Third Circuit Readies Hammer for Casino-Targeted Donor Limit

PHILADELPHIA (CN) — Casino shareholders who want to make political contributions urged the Third Circuit on Tuesday to strike down a Pennsylvania law in their way.

Pasquale Deon Sr., a businessman and chairman of the Southeastern Pennsylvania Transportation Authority, is a major shareholder in the Sands Casino Resort. Deon brought the suit against the Pennsylvania Gaming Control Board in 2017, alleging that the Pennsylvania Gaming Act violated his First Amendment right to freedom of association. 

Deon was joined in the suit by Maggie Hardy Magerko, a beneficiary of a trust that owns the Lady Luck Casino and an owner of 84 Lumber. 

While Deon is heavily involved in the management of the Sands Casino, Magerko does not have any direct involvement. Prior to their connections with the gaming industry, both Deon and Margerko had made political contributions. 

Pennsylvania appealed to the Philadelphia-based Third Circuit after a federal judge concluded in September that the ban was overbroad in banning principals, key employees or licensees of a gaming operation as well as suppliers from making a contribution of any amount to a candidate or a political action committee.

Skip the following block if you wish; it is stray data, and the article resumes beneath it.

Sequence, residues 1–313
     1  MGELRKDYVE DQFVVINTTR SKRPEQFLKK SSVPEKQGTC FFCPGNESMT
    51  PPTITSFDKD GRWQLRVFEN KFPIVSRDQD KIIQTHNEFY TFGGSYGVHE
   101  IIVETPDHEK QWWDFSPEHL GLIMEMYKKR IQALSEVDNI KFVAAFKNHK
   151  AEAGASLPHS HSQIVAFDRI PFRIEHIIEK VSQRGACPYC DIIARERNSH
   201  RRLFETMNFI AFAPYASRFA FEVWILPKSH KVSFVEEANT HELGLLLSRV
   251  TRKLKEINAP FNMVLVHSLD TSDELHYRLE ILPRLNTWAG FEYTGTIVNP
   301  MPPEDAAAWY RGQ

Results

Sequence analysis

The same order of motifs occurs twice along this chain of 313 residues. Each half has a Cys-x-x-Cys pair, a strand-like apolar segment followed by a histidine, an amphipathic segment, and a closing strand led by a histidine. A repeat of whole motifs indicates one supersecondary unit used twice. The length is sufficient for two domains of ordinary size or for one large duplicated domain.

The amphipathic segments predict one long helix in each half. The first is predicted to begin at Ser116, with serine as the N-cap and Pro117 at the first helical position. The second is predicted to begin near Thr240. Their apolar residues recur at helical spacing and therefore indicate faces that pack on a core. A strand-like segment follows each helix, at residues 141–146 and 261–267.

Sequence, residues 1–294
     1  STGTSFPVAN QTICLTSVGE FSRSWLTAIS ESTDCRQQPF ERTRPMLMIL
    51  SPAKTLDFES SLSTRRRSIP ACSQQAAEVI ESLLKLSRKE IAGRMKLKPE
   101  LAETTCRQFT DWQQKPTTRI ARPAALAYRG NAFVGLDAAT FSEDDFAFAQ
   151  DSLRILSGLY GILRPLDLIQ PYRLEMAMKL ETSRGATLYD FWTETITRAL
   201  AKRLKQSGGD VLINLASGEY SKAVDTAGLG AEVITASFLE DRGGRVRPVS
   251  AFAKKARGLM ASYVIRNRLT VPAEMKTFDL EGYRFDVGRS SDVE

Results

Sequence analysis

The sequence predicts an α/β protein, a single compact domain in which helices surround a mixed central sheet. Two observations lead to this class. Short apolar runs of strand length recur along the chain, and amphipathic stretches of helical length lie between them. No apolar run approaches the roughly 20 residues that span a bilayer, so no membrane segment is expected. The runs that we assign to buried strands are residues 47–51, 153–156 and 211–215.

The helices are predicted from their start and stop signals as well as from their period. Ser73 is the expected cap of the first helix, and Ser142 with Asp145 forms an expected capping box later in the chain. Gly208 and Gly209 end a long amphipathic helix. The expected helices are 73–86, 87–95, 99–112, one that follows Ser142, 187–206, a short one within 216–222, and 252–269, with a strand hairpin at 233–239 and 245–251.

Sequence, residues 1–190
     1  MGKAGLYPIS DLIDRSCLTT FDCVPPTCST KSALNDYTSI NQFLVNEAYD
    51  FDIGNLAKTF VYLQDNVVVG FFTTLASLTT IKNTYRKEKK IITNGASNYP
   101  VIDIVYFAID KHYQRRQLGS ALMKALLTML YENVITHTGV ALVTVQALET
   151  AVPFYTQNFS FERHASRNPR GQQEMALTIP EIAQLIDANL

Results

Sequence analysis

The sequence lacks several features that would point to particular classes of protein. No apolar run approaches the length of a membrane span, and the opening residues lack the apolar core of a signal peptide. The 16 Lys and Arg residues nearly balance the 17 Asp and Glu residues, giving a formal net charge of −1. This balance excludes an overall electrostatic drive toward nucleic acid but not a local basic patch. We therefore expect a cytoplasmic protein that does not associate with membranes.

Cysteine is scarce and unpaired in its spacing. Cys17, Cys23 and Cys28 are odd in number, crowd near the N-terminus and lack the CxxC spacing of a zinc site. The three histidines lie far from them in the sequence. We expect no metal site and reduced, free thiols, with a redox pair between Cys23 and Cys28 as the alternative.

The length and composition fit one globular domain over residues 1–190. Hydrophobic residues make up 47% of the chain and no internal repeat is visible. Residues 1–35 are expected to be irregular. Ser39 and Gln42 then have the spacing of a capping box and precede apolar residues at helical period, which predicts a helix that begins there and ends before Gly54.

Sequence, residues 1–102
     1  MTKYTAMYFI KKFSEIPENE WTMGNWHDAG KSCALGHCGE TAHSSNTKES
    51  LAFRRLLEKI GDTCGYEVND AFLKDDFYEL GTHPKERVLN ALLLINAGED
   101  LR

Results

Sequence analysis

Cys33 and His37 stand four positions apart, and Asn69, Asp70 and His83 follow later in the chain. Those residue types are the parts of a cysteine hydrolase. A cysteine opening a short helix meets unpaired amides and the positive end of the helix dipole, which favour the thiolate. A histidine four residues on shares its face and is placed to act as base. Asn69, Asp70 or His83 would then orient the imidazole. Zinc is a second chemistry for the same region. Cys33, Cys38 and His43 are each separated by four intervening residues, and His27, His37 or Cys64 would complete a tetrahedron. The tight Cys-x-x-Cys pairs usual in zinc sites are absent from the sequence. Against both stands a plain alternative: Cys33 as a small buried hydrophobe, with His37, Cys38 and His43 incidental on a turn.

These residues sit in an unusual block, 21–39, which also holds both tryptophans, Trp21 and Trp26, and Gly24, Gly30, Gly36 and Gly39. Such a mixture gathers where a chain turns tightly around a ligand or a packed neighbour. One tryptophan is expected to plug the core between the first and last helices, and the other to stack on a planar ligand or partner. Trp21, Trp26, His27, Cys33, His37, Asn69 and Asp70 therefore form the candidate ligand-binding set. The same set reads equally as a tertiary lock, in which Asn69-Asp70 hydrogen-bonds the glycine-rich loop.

In his argument Tuesday before the three-judge panel, Senior Deputy Attorney General Howard Hopkirk defended the ban as preventing political corruption, a legitimate government interest.

U.S. Circuit Judge Kent Jordan questioned Hopkirk why the gaming board thinks it is entitled to ban any amount of contribution — even $1. 

“There can still be the appearance of corruption,” Hopkirk said. 

“It’s hard to see how $1 or even $100 could corrupt someone,” U.S. Circuit Judge Stephanos Bibas chimed in. 

John Hamill, representing Deon and Magerko, asked the court to affirm, saying the ban serves an important goal  but reaches too far. 

“Bottom line is there is no way this statute can be enforced,” said Hamill of the law firm DLA Piper.

Neighboring states New Jersey and Maryland also have political-contribution restrictions. New Jersey prevents casino managers or corporate owners from making any contribution, while Maryland prohibits donations from any shareholders who own five percent or greater in a casino.

The panel was rounded out by U.S. Circuit Judge Richard Nygaard, who participate in arguments via video call.

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